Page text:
• Transmission deficit a decade ago was caused by putting so many IPP gas plants on line without requiring transmission upgrades.  This is reflected in the TLTG tables for the SW MN 345 kV line, PUC Docket 01-1958.  It also became an issue when Big Stone II was proposed because at that time it was “cause cost pays” and they hadn’t been charging gas plants but were going to charge BSII for interconnection costs, and BSII objected (see “standstill agreement” and withdrawal of Bill Gates’ Cascade Investment from that project at Legalectric: Bill Gates & Otter Tail at the PUC Tuesday…).  That transmission CoN was denied, approved, and plant was withdrawn so non-issue.  Then utilities and paid-for-NGOs went to MISO and FERC to find a way to spread the payment of transmission construction costs around, which they did.  The ones building it are not necessarily the ones paying for it, and it’s us ratepayers paying for transmission construction all around the country (See Schedule 26A, MISO Tariff, also Tariff MM) and the PUC has yet to address whether that should be paid for by us — but wait, it’s FERC rates, so the PUC has no say… well, that MISO MVP bill hasn’t come before the PUC yet, and that’s the last thing Xcel wants.  That capital cost is for private purpose transmission (market transactions) and as such, it is not ours to pay.
  • Generation changed decades ago too, moving away from utility construction and ownership, collect revenue for that, and now it’s morphed to an IPP (Independent Power Producer) mode where a third party takes on risk and cost of construction and sells power to utilities.  It’s been that way for decades.  Xcel has done some coal plant update, and nuclear update/uprate (grossly over budget by factor of 2+), but no new plants.  This shift from that regulated revenue stream was a business choice of utilities, but now they’re looking to make up that revenue that they don’t get for building the plants.  That business choice is not ours to “fix.”
  • Rates — Utilities want out of rate cases!  Of course they’d want that, Xcel has lost ground in their rate demands the last few rounds.  A Business Plan is not adequate, however, they need to prove up their expenditures if they expect us to pay them, and we should not, must not, be assessed for their market private purpose expenses, like transmission for export.  The bills for CapX 2020 ($2 billion) and for MISO MVP projects ($5.2 billion across Midwest) are the types of large expenses that they do not want to have to justify.  Not wanting to go through a rate case is no reason for us to let go of that protective review, or to let them charge us for things that are not public purpose expenditures necessitated by their obligation to provide universal service under their franchise.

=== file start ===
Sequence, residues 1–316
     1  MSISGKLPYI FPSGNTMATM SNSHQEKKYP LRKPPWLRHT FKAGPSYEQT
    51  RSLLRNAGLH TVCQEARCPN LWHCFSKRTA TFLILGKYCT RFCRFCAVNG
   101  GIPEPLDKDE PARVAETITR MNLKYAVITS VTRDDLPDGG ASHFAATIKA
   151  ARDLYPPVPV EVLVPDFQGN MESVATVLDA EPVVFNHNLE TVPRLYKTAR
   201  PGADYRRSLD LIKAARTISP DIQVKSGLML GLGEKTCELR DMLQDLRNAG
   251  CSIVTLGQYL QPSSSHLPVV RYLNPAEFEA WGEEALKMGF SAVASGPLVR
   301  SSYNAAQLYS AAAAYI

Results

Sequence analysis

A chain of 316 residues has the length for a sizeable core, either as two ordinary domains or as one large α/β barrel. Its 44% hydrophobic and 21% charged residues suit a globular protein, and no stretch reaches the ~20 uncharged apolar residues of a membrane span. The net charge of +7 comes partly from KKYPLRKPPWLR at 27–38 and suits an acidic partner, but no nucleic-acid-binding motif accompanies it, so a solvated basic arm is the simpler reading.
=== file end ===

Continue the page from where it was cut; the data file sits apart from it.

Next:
• Deregulation — this “e21 Initiative” looks and feels like the 2000 deregulation push to me, particularly with all the support from “environmental” and “advocacy” organizations, well funded, and funded I believe by Xcel and cronies (and that information should be made public).  Utilities wanted deregulation (back when Enron and Xcel’s NRG was making 300% profits screwing over California in an orchestrated rate skyrocket) and at that time, Xcel had all the “environmental” organizations behind it as “inevitable restructuring.”  Everyone was jumping on the deregulation bandwagon, all bozos on that bus, and that’s how this e21 feels.  Lots of people agreeing without knowing what they’re talking about, without understanding the consequences.  Back in that earlier deregulation push, the utilities also had everyone on board to pay them “stranded costs” for their large generating plants. Thankfully the A.G. stood up to that pointing out that deregulation is a disaster where ever it goes, and that the claimed “stranded costs” were really stranded assets, and if anyone owed anyone money, the utilities owed us for their assets that were paid for and fully depreciated.  Read Corneli on Stranded Assets.

This is not new to utilities.  It is not our job to correct their business plan errors, to pay for their neglect, or to finance their market activities.

More on this soon… but the short version, NO to SF 1735.  NO to SF 1431.


It’s not in the public interest.

And by the way, the “WE NEED MORE” histrionic mantra that you year year after year is false.  Excess generation?  Yes — here’s the peak demand that Xcel Energy has reported on its SEC 10-K filings since 1995:


Also from the 2014 SEC 10-K link:


The question to ask is “What’s stopping utilities?”  And it’s not our regulatory system.  It’s that utilities are looking for additional ways to transfer their costs to ratepayers without regulatory review.